Getting that first agent rejection: Now I feel like a writer

I’ve been accused (rightfully) of having unusual perspectives on things. I guess being relieved to have received my first agent rejection falls into that category.

How did receiving a rejection not scar me? Easy, I prepared myself for it. I believe in being prepared for things that you can prepare for. I don’t mean North-American-super-volcano-prepared. We’re all screwed if that thing goes off no matter how much rice and ammo we’ve squirreled away. And don’t get me started on robots. No, I mean the stuff that other people have already gone through and shared their knowledge on, which at this point is A LOT of stuff. Prom. Job interviews. A trip to a city you’ve never been. Illness. Reading Moby Dick. Running a marathon. Taking the SATs. Repairing a motorcycle. Baking a pie. Playing a guitar. Building a house. And yes, submitting a book to agents. Being prepared for the rejection helped me feel relief, not the need to curl up in the corner, when it came in.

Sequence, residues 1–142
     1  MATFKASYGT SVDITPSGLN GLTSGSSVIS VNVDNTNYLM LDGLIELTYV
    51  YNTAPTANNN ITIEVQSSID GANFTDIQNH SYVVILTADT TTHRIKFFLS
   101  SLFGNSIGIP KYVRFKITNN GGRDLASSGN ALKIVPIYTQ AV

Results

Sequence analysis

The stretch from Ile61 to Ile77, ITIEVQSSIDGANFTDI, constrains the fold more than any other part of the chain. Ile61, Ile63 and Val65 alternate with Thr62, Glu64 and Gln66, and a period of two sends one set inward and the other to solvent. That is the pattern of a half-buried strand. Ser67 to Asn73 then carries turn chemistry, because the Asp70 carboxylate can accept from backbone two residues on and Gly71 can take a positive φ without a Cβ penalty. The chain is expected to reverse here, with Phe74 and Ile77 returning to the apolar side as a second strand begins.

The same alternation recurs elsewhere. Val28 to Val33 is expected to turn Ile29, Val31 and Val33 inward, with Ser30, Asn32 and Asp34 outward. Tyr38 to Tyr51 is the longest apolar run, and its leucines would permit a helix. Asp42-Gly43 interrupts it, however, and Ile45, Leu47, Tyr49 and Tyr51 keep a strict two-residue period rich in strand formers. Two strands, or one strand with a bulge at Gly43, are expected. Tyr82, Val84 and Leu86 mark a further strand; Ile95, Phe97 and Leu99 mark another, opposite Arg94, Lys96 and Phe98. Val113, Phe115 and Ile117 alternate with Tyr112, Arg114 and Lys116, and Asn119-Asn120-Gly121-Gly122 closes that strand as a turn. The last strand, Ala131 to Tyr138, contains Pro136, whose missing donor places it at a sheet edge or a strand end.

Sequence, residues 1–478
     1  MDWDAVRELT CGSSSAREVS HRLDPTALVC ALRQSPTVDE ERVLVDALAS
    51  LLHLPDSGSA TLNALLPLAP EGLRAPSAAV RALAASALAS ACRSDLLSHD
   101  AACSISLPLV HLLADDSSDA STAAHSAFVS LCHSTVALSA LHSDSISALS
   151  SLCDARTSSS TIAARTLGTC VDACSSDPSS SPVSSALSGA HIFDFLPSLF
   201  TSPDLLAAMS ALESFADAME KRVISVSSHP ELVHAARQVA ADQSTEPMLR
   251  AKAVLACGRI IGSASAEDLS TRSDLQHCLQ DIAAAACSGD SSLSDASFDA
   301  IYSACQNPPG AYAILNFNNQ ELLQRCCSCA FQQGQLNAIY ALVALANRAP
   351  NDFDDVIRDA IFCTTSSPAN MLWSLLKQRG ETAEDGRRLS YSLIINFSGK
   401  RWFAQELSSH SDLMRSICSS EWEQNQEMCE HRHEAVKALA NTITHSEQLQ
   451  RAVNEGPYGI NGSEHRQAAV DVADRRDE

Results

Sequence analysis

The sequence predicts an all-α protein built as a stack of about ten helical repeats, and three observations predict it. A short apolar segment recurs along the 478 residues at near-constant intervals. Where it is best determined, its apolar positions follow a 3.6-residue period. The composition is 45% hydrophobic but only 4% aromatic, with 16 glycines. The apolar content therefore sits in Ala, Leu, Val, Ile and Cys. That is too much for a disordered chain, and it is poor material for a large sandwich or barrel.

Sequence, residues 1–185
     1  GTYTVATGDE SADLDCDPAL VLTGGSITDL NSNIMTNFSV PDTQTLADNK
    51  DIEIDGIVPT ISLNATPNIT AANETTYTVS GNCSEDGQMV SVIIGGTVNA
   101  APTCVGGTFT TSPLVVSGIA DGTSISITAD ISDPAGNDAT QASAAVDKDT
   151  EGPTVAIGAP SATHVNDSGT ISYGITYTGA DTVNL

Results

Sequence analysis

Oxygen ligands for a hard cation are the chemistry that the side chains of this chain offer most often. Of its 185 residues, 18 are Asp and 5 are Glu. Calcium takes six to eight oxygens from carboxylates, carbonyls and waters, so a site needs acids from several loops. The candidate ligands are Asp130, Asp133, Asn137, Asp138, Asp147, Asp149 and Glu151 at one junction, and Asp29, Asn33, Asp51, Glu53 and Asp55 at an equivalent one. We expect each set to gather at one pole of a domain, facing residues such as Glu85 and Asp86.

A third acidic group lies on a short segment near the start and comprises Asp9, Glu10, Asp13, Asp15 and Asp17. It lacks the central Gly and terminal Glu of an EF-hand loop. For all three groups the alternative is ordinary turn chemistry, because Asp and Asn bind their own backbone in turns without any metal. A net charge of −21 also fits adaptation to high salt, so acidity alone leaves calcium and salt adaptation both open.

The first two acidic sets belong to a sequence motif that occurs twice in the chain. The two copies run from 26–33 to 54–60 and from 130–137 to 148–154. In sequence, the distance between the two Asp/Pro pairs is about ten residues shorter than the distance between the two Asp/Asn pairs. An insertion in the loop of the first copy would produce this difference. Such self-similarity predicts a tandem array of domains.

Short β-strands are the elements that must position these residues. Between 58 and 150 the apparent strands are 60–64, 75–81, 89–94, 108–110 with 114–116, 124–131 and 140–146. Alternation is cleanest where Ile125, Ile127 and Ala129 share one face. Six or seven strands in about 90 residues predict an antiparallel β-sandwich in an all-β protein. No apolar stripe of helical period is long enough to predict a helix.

The how is simple. I thoroughly researched sending submissions, and everything I read said that rejection would happen. Not it might happen. It. Would. Happen.

If you don’t know, far more submissions get sent than books that get representation. It’s just math. So, being a realist (which is kind of funny when you consider I’ve written a kids book about fairies), I simply accepted the reality that getting that first ‘No’ was going to happen. It’s just a formality, really. Just math.

That didn’t make the waiting easier, though. The waiting was the tough part. Isn’t it always? That’s the part I’m relieved is over.

I sent out five submissions, and then the idea of waiting made me ignore (or forget, or block-out, or an alien parasite ate that part of my memory, or a fairy cast a forget spell on me) the math. All the testimonials and submission guidelines on the agents’ web sites showed that responses could take anywhere from two weeks to sixth months. Still, I checked that inbox every hour. I knew nothing would be there, but REFRESH.

I said I’m a realist, not a patient realist.

Mercifully, the first ‘No’ came after only one week. Eight-thirty AM, August 25 2014, I opened my writing-dedicated inbox, and there it was. A personal, pleasant, professional ‘No’.

Thank God.

Now that that’s out of the way, now that I’ve lost my agent rejection virginity, I can move on. Getting that first ‘No’ doesn’t make me think my book is bad, or unpolished, or wrong for the time, etc., it means I can move past it. Can keep going. one less thing to REFRESH over.

And, as an added bonus, now I feel like a writer.


Thanks for reading.


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